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Are ‘Dog Years’ Accurate? New Calculation Says Maybe Not

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For centuries, families and individuals have lived side-by-side with domesticated canines. In all that time, while they realized that dogs have a different lifespan than humans, they may have wondered how to track this aging process compared to humans.

In recent times, owners have relied on a standard calculation that indicates dogs age seven years for each year of a human’s life, but is this calculation accurate? Recently, a group of scientists says it isn’t.

The Process and Science Behind the New Calculation

The new calculation was developed by a team of researchers at the University of California, San Diego, who used DNA analysis to gauge the speed of the aging process in a canine’s body. The team was so certain about their results so far, they published a preliminary paper on bioRxiv.

For the study, the team used 104 labrador retrievers that spanned a 16-year age range. The study took a deep look at these canine genomes to evaluate the differences over time and to look at how methyl groups, a sign of aging in DNA, were added in over time. Lastly, they also compared them to the aging process that took place in human DNA, which helped them to more accurately quantify the canine aging process when compared to humans.

After all that research, how did things turn out? Lessons learned from the survey were enlightening and not without a fair number of surprises.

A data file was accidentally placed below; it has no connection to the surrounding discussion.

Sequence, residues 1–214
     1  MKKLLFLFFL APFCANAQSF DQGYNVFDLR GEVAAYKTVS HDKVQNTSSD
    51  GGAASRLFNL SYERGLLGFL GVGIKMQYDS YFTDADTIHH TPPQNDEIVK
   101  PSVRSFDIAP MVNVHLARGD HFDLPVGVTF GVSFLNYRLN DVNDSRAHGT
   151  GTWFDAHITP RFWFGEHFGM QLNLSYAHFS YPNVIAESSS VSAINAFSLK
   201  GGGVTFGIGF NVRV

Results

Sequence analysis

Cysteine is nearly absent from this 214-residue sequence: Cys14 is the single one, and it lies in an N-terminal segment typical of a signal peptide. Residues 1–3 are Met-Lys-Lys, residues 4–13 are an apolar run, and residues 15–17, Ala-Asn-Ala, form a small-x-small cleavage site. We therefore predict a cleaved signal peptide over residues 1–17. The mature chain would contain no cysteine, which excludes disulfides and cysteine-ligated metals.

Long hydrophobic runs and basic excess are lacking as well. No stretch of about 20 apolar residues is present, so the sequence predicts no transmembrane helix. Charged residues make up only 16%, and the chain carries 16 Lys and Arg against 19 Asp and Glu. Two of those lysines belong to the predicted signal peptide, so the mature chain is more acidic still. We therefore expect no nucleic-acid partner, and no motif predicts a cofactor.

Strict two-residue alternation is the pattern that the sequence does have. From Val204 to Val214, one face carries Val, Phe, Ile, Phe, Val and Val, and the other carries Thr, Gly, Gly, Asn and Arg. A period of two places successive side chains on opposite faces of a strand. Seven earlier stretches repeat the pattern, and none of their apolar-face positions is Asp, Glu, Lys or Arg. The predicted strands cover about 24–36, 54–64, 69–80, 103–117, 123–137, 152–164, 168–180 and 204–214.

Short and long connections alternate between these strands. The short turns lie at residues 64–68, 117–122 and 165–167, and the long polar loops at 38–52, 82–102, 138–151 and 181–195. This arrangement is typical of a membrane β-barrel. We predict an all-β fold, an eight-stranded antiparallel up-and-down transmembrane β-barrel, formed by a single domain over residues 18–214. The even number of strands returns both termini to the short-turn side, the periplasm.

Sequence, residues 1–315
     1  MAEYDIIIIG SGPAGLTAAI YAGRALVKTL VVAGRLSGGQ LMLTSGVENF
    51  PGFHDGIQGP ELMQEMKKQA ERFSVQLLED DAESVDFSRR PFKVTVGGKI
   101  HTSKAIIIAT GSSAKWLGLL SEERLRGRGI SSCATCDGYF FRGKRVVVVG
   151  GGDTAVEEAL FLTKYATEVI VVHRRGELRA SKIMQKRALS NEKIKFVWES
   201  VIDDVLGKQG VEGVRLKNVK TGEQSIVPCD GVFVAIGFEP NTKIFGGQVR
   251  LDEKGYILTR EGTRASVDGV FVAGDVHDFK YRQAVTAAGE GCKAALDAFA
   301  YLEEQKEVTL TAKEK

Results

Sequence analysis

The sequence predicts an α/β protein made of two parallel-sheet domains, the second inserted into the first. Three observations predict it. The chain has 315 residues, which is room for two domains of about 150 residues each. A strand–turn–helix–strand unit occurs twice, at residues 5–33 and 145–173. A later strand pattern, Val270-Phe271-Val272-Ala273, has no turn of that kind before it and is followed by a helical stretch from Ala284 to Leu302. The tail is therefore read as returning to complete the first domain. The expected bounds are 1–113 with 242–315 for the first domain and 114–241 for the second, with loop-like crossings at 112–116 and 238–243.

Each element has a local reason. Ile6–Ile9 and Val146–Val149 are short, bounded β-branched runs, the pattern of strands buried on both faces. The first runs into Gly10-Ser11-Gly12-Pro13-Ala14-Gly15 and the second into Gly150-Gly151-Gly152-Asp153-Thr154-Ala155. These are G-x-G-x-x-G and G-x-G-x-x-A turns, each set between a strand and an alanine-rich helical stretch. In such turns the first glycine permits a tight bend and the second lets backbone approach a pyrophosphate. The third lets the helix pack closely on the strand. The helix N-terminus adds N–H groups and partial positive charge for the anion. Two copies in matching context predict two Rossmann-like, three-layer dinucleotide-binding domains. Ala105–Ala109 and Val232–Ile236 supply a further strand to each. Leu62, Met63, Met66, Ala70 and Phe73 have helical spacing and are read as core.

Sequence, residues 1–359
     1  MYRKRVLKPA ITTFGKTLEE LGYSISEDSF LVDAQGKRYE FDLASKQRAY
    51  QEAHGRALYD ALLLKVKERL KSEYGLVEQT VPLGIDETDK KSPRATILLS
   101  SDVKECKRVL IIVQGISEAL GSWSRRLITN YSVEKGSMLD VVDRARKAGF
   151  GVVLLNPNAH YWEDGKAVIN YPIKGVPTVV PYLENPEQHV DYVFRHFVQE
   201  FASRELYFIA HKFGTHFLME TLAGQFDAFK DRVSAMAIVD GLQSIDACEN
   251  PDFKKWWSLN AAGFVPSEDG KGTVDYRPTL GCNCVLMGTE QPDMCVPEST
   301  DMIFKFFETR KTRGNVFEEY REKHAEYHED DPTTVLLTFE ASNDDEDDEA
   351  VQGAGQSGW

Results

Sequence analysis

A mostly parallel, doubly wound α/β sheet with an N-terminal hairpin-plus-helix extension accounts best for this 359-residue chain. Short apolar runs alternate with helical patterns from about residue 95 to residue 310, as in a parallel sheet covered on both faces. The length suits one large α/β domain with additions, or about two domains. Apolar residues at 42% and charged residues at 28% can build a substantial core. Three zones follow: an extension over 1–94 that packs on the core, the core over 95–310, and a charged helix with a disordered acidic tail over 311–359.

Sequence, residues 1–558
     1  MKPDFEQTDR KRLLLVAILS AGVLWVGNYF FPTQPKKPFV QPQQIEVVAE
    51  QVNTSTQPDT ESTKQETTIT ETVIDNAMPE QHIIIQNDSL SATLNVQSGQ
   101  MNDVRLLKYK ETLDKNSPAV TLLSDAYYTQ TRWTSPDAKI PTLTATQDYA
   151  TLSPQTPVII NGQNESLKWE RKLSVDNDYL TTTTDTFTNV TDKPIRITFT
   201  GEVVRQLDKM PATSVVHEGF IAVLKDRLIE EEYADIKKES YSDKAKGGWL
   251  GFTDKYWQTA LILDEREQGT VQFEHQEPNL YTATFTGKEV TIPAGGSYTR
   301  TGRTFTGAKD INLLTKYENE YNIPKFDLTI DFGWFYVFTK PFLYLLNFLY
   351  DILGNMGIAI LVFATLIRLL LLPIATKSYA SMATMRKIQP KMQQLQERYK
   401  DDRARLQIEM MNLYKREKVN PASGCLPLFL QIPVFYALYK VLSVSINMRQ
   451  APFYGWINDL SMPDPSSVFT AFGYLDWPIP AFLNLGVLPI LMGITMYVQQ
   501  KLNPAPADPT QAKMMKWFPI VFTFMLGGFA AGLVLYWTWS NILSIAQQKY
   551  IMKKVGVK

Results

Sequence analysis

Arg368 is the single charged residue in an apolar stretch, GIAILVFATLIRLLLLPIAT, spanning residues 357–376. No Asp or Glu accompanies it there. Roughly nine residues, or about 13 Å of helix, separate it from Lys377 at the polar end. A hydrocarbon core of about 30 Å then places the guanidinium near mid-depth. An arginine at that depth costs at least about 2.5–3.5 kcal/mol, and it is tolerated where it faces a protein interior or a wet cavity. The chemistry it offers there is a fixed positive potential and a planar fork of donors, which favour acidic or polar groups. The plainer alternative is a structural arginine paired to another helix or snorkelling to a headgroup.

The Results of the Study

As a result of all of their research, scientists developed a new formula to replace the traditionally used 1:7 ratio for aging. The new formula is only said to be accurate for dogs that are older than one year old. To understand a dog’s age, enter it into a scientific calculator and then click the function key that says “ln” (natural logarithm)  and then add the number 31. Don’t have a scientific calculator? Find one online.

The team made a couple of notes as they released their preliminary study. They indicated that the calculation works best for dogs that are more than a year but still fairly young, and for dogs that are of advanced age. It doesn’t work as well for canines that are middle-aged range. Lastly, and not surprisingly, the calculation works best for golden retrievers, since that breed was the subject of the initial research. As expected, the team is making plans to continue research on other breeds.

The New Calculation Paints a Very Different Picture

Once you look at the calculations carefully, you see how different (and more accurate) the new calculations are. For example, a two-year-old dog is 14, according to the old formula, but 42 according to these researchers. A 10-year-old dog is 67.8 according to the new formula, but 70 if you multiply each of their years by 7. This progression apparently indicates that the biological aging process happens a lot more quickly when dogs are younger and slows down over time.

Can This Process Be Applied to Other Animals?

The process of evaluating genes to determine an animal’s age isn’t just reserved for humans and canines. It can be applied to other species also. Mice, chimps, and wolves are thought to have a similar aging process and a similar research methodology could work for them also. As we become more curious about how we compare to other species, this kind of research can teach us more about ourselves and our place alongside the rest of the creatures on the planet. It can also help us be better caretakers to other species helping them to live as full a life as possible and manage the changes and challenges that come with advancing years.

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